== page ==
Fit for the Presidency? Long before he was elected, George W. Bush was dogged by the opinion that he wasn't up to the job, that he only rose to power because of his family pedigree. But Bush is far from the first president to be called unworthy of the position. Even Lincoln, one of the greatest presidents, was thought by many to be too uneducated, too unrefined, for the office - before he took it, that is.

Here are cartoonists' treatments of two presidents who at the time were considered unable to handle the hardest job on Earth. First up is Ulysses S. Grant, who presided over one of the most corrupt administrations in American history. The members of Grant's Cabinet were on the payrolls of whiskey makers, naval contractors and leaders of virtually every facet of the burgeoning American economy. Grant's own character has never been called into question, but his inability to control his underlings has labeled him a failure. That said, Ulysses S. Grant is one of the main reasons the Union won the Civil War. For his contribution as a general - as "Unconditional Surrender" Grant - his country is eternally grateful. Next up is William Howard Taft. With the unenviable task of following the nation's most robust president - Theodore Roosevelt - Taft is distinguished merely for being the fattest president, weighing in at 330 pounds. In 1907, when Roosevelt decided not to seek re-election, he put up his "right hand man" for the job. Taft won easily, but he proved too indecisive for the task, even angering his mentor. Roosevelt waged a primary against him in 1912.

1. "Third term" - we thought presidents could only serve two terms. Why is Grant trying to hang onto a third one?
2. Who are all those bozos hanging from his teeth?
3. Why are they a weight on Grant?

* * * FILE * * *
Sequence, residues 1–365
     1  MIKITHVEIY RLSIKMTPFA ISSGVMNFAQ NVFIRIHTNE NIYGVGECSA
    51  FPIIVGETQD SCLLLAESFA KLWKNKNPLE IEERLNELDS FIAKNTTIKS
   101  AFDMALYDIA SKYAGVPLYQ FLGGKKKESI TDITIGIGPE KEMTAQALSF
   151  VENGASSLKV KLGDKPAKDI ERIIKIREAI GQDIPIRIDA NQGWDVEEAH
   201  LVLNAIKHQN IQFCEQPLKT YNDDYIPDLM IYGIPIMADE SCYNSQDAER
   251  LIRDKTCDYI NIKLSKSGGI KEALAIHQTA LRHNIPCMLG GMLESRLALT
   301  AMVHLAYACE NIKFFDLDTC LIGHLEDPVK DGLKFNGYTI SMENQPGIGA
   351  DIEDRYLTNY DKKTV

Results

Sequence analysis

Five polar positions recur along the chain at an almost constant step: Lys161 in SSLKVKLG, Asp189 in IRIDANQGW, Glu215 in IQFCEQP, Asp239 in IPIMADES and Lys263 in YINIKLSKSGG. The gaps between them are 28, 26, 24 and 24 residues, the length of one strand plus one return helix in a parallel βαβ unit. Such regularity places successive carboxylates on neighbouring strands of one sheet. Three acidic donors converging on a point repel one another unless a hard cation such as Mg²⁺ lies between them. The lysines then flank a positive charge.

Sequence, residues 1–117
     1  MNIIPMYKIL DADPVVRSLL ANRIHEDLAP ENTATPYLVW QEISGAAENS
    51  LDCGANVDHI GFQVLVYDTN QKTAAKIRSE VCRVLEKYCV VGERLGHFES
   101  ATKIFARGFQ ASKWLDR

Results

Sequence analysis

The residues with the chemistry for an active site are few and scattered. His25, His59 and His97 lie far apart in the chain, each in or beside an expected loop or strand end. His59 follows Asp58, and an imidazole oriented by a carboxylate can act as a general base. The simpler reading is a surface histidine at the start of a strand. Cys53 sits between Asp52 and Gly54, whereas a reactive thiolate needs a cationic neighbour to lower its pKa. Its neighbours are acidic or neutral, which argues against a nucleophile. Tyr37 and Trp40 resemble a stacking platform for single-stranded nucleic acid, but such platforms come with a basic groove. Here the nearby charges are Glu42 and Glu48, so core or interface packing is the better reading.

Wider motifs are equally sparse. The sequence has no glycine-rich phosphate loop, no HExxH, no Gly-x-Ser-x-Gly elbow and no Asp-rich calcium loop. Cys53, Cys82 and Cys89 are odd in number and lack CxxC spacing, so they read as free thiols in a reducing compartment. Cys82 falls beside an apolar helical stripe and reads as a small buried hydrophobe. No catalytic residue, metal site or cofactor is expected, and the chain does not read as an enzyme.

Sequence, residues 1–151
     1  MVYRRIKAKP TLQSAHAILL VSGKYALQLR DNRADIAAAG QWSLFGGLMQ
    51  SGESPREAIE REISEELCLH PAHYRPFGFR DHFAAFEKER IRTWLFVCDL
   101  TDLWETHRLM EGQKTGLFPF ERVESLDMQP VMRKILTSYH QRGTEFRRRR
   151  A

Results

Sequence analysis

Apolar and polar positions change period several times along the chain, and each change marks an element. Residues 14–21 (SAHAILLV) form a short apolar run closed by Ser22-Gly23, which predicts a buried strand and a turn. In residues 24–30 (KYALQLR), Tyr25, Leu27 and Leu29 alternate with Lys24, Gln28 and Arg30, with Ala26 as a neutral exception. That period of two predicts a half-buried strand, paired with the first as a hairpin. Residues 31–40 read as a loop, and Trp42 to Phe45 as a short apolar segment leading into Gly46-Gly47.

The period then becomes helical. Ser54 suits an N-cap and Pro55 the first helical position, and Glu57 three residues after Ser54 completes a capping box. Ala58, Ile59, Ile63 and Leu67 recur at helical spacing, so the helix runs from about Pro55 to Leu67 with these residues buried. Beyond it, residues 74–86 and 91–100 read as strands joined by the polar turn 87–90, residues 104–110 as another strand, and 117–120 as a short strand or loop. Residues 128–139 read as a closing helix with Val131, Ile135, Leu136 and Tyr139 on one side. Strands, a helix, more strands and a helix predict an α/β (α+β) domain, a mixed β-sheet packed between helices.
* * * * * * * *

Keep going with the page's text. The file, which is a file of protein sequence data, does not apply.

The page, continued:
4. What mess of yarn is William Howard Taft trying to make sense of?
5. Does it look like he will be able to get it all in order?
6. Why is Roosevelt looking in the window with that expression?
7. Consider these cartoons and recent ones about President Bush. Has the political cartoonist's job changed much over the last century-plus? What is that job?

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Righteous and Harmonious Fists

The test of wills China waged over the crew of an American spy plane was certainly not the first time it's tussled with a western nation on its own soil. In fact, compared with events past, the recent fracas is barely a blip on the radar screen. Just look to the turn of the last century. China was embroiled in conflicts with more than just the United States - and the disputes turned bloody as can be. Fed up with decades if other countries - Austria, France, Germany, Russia, Great Britain, Italy, Japan and the United States - partitioning China into areas of financial, and sometimes religious, control, the Chinese rose up in 1900 to kick the foreigners out. The massive peasant uprising, supported by the state, came to be known in the west as the Boxer Rebellion, named for a secret society of hand-to-hand fighters who called themselves the I-ho ch' an ("Righteous and Harmonious Fists"). The fighters believed the boxing regimen they followed made them invulnerable, even to gunfire. They were quite successful, for a time - and then the foreign powers got serious. They sent in an international force, led by a contingent of 2,500 U.S. sailors. The peasant Boxers were no match. On September 7th, 1901, China signed the Boxer Protocol, by which it compensated the U.S. and other nations for financial losses incurred during the uprising.